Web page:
Israel’s leaders have lined up over the past week to condemn the two terror attacks undertaken by extremist Jews. The first attack targeted marchers in the Jerusalem Gay Pride Parade and left a 16-year-old girl dead. The second attack, firebombs targeting homes in a West Bank village, killed an 18-month-old Palestinian baby, whose older brother and parents remain hospitalized.
At first, it’s reassuring to hear condemnations from Prime Minister Netanyahu and his allies. Israel’s leaders did not mince words or pull punches. Here’s what Education Minister Naftali Bennett, leader of the hard-right Jewish Home party, had to say: “Violence begins when we don’t know how to accept the other because he is different. The other can be a gay person, or a lesbian, or a religious person, or secular or charedi, or an Arab. … The Bible commands ‘thou shall not kill,’ not simply ‘thou shall not kill Jews.’ We must never tolerate a discourse that leaves the impression that it is permissible.”
It’s a great statement. It says it all. The problem is I’ve also heard what he and his political allies have said on other days, over the course of years. Their past actions are the context for today’s condemnations. And this context should give us all cause to worry.
The reality is that Israel’s internal divisions are often exploited by political leaders. This tactic may help them win elections, but it has also created a discourse that is permeated by racism and bigotry and which, terrifyingly, ends up making this type of violence more likely.
Let me give you a few examples:
With his polling numbers declining, Prime Minister Netanyahu famously warned Likud voters on Election Day that “Arab voters are coming in droves to the ballot boxes” — in order to strengthen his turnout. His last coalition collapsed in part over his refusal to guarantee equality to non-Jewish Israeli citizens in the draft Basic Law that would redefine Israel as “the Nation-State of the Jewish People.”
The prime minister also repeatedly rejected law enforcement requests to apply the same tools used against Palestinian terrorists to try to stop the so-called “price-tag” attacks, in which radical Jewish settlers attack Palestinians, Christian institutions, and even the IDF. Devastatingly, police assume the arson in which the Palestinian baby was killed to have been just such a “price-tag” attack.
Bennett might have quoted the Ten Commandments’ prohibition on killing, but that didn’t stop him from proposing that suspected Palestinian terrorists be killed after capture rather than imprisoned. In his words, “if you capture terrorists, you simply have to kill them.” When Israel’s national security adviser protested that this idea was illegal, Bennett responded: “I’ve already killed lots of Arabs in my life, and there is absolutely no problem with that.”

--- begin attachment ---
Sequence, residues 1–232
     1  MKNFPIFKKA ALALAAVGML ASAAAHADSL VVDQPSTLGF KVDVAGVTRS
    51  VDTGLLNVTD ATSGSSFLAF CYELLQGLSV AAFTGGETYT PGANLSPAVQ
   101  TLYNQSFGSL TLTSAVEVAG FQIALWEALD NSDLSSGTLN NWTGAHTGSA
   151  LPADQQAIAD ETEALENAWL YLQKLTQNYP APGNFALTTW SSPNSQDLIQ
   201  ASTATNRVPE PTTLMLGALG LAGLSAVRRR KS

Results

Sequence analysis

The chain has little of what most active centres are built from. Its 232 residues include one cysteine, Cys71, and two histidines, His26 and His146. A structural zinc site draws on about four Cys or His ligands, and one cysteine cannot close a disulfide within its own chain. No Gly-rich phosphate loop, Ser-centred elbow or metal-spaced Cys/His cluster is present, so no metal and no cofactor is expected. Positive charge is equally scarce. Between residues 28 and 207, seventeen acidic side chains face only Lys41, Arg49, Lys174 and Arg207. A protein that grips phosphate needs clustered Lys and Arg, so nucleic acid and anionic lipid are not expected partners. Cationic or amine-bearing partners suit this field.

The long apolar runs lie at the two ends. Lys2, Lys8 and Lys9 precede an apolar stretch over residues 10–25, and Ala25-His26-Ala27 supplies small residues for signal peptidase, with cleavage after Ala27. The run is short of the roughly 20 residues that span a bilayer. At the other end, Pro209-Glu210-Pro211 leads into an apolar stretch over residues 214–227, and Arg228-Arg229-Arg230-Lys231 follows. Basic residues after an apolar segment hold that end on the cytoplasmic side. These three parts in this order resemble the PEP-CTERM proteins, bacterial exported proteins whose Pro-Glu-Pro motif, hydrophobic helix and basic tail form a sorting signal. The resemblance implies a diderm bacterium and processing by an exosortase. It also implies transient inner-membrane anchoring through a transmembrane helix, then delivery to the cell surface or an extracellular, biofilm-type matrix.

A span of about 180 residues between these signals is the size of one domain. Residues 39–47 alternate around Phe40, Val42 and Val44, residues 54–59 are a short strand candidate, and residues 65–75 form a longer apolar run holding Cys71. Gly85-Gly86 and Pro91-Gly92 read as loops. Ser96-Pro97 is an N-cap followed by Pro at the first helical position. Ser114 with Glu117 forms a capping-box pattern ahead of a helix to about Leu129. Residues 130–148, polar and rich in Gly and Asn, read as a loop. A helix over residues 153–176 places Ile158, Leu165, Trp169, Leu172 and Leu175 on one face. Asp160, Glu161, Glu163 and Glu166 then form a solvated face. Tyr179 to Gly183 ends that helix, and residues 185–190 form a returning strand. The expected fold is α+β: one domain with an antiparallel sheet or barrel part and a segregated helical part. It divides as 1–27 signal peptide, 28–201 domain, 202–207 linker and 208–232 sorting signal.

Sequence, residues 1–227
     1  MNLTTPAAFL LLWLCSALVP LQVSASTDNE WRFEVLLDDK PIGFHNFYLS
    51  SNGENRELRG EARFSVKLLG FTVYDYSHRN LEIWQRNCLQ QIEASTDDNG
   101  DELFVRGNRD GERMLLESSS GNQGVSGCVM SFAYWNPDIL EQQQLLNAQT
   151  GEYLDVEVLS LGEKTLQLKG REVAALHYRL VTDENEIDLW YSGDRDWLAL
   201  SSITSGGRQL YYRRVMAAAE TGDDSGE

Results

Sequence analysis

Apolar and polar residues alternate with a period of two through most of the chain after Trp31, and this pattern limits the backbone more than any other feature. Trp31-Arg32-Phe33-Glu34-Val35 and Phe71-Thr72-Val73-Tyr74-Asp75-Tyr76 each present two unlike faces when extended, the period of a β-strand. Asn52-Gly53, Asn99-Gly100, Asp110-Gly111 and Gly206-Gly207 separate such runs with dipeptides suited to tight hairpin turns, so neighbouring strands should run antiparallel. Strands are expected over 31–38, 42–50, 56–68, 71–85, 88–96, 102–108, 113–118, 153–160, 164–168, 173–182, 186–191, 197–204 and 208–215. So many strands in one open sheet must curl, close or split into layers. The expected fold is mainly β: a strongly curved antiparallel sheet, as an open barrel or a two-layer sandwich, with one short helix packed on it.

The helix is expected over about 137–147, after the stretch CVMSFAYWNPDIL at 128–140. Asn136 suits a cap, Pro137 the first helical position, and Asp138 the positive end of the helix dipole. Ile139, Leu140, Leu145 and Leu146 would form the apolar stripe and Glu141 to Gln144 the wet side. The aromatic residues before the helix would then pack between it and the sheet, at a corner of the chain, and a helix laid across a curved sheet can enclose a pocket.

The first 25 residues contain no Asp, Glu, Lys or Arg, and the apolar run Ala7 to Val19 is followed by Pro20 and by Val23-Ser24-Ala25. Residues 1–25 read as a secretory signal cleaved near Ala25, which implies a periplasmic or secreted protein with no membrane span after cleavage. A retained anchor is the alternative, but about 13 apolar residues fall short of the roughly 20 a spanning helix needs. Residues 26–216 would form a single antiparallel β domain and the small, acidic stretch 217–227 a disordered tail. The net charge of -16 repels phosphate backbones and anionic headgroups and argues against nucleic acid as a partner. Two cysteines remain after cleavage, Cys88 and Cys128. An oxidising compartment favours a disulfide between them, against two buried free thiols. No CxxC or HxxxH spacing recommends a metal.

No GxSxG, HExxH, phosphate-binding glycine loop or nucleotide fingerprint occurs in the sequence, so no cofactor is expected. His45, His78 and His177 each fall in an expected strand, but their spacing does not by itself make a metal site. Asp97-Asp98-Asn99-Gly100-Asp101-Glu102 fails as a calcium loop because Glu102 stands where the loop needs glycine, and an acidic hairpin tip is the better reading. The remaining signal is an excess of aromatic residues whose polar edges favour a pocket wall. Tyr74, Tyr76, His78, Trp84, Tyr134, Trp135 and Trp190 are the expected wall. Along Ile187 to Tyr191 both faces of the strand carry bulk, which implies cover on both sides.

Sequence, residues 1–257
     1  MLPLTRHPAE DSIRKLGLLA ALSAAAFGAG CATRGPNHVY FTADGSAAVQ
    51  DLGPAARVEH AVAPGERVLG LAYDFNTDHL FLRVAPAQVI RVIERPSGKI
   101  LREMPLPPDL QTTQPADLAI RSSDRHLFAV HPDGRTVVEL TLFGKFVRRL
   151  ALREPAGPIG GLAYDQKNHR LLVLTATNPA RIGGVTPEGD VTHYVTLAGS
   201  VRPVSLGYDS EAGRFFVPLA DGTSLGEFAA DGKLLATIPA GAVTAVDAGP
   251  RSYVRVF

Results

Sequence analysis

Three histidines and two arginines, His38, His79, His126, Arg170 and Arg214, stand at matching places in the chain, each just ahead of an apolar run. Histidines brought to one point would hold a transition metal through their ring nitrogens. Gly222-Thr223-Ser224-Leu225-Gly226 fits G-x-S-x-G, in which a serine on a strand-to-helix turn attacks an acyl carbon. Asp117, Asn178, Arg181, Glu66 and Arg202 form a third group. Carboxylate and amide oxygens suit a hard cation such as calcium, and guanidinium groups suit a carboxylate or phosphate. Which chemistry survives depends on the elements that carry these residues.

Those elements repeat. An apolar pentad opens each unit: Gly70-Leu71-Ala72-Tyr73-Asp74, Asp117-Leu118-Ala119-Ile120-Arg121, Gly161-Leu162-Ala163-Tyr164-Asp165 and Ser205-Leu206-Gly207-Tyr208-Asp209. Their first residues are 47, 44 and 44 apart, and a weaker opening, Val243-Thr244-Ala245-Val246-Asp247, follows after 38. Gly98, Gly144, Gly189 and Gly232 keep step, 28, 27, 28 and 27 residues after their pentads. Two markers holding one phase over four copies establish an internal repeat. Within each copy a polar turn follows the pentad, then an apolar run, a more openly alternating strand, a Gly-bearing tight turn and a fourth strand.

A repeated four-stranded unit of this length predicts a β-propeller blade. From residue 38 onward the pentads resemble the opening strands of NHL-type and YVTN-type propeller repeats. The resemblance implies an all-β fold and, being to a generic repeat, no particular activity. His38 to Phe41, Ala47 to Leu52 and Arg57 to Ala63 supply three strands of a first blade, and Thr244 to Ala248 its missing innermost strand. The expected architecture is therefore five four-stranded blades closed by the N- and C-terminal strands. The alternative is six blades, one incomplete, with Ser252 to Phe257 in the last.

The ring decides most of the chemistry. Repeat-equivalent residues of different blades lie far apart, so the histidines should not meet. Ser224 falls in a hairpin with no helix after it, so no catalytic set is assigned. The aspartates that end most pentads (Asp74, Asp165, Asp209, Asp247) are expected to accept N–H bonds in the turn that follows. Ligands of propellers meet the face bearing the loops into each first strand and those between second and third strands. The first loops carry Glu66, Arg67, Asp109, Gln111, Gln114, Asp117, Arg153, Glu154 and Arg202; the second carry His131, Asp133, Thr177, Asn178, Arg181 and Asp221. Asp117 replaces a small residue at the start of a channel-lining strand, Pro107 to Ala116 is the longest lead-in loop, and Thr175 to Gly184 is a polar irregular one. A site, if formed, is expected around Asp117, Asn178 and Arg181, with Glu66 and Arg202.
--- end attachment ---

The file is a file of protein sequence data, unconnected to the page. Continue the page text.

Moreover, Bennett’s strong words of support for gay rights last week are inconsistent with the actions of his party’s Knesset members, one of whom boasted on the campaign trail last winter of being a “proud homophobe.” This currently serving MK also organized an “Abomination Parade” of donkeys and pigs as a counter-event to a previous pride parade in Jerusalem.
Avigdor Lieberman, Israel’s foreign minister until May, has repeatedly expressed his desire to strip Arab citizens of Israel of their rights, whether by subjecting them to a loyalty oath or by proposing that their towns be transferred to Palestinian Authority control. He also uses violent language. Last March he spoke of beheading Arab-Israelis who disagree with him. “Those who are against us, there’s nothing to be done — we need to pick up an ax and cut off his head,” he said.
Each of these examples might be explained away. Israel’s state prosecutor, for example, determined that Lieberman’s call to behead Arabs was simply figurative, and did not constitute incitement. But such rationalizations do little to diminish the damage done. And, whatever the justifications looks like, the reality is that these statements and actions — and there are dozens more — constitute a pattern.
It’s painful to admit, but this is the dominant political narrative in Israel today. It is divisive. It is violent. It is hate-filled. It is xenophobic. It is profoundly out of touch with millennia of Jewish experience, in which our people knew just how terrible it could be when the demagoguery of the majority was turned against the minority.
One cannot signal, year after year, that Israel exists only to serve its Jewish citizens, or even only the Jewish citizens who comply with a narrow interpretation of Judaism, and then be shocked when extremists feel free to attack Palestinians or gay Israelis. Nor is it reasonable to assert that the violence is only the product of an isolated fringe. When the incitement of many Israeli leaders — against Arabs, against leftists, against African refugees, against human rights organizations, and against anyone else who gets in the way of the ultranationalist agenda — passes for acceptable political discourse, the results are terrible and they are tragic. But they are not really a surprise. They are the predictable outcome of a dysfunctional politics.
Extremism in democratic societies is rooted in and expressed through politics. It’s time for Israel’s leaders to show greater responsibility, not only so that Israel can live up to the liberal values of its founders, but also to do right by the millions of ordinary Israelis who yearn for a better life, and who deserve to live in a society marked by solidarity and not division, by respect and not discord, by moderation and not fanaticism.
This op-ed was originally published in the New York Jewish Week